The filling may be made the next day or it may be made ahead of time and kept at room temperature for a day or two or refrigerated for a longer time.

  • 12 ounces unsweetened dried pitted prunes (about 2 cups, lightly packed)
  • 6 ounces unsweetened dried apricots (about 1 cup, lightly packed)
  • 1 cup water
  • 1 tablespoon lemon juice
  • 1/2 cup honey [these are better with a mild clover honey than with a strongly flavored one]
  • 2 1/2 ounces (3/4 cup) walnuts, cut into medium-size pieces
Cut the prunes and apricots into small pieces. Place them in a saucepan with the water. Bring to a boil, cover, and lower the heat so that they just simmer for 10 to 15 minutes until very soft. (Some fruits are drier than others -- if the water evaporates before the fruit is soft add another spoon or two of water and cook a bit longer.) Add the lemon juice and honey. Cook, stirring almost constantly, for about 5 minutes (it should not get too thick; it will thicken more while cooling). Stir in the nuts and set aside to cool.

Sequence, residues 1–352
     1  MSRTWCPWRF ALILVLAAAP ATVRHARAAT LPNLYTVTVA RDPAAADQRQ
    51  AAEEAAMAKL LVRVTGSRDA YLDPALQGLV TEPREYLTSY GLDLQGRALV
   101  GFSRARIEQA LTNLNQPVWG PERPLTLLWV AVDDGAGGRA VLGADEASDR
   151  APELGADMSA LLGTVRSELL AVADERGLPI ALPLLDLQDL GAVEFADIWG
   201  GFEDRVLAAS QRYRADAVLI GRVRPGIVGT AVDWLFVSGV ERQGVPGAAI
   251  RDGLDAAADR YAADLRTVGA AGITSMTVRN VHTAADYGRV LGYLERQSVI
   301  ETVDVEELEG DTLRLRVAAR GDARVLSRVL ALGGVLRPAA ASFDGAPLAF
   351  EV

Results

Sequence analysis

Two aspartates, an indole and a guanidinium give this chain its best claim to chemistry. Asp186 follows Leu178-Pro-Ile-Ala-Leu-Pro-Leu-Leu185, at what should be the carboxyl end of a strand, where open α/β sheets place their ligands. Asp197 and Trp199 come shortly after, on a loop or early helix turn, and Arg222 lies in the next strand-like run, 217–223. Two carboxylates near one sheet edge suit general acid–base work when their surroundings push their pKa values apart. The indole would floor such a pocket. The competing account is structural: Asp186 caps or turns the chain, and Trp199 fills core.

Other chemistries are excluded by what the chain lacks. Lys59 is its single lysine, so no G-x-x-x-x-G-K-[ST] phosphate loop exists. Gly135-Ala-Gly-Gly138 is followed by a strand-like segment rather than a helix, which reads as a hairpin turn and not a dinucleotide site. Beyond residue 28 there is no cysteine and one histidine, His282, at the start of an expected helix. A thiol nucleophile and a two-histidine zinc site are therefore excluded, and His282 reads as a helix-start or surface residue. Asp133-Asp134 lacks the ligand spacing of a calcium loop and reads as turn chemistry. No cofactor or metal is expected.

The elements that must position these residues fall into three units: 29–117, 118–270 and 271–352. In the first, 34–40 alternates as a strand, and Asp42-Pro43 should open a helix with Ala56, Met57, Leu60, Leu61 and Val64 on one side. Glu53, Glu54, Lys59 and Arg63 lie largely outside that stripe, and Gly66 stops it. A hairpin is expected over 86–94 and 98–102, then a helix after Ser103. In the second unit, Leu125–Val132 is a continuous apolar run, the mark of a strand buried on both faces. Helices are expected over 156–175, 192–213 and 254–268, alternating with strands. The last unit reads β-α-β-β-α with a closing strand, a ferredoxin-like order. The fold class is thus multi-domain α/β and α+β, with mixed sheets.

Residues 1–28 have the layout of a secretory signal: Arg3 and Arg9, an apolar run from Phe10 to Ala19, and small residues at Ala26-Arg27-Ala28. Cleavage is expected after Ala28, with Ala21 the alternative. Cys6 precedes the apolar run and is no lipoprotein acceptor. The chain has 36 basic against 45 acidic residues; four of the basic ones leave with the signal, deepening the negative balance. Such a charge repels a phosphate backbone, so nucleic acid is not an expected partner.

When you are ready to bake, adjust two racks to divide the oven into thirds and preheat to 400 deg. Cut aluminum foil to fit cookie sheets.

Work with half the pastry at a time; refrigerate the other half. Work quickly or the dough will become sticky. On a floured pastry cloth with a floured rolling pin, roll out the dough, turning it over occasionally to keep both sides floured. Roll it to an even 1/8-inch thickness (that is thin but be careful -- if you roll the dough too thin, it will be hard to handle). With a plain round 3-inch cookie cutter, cut the dough into rounds. (Reserve the scraps of dough, press them together, and rechill until firm enough to roll.)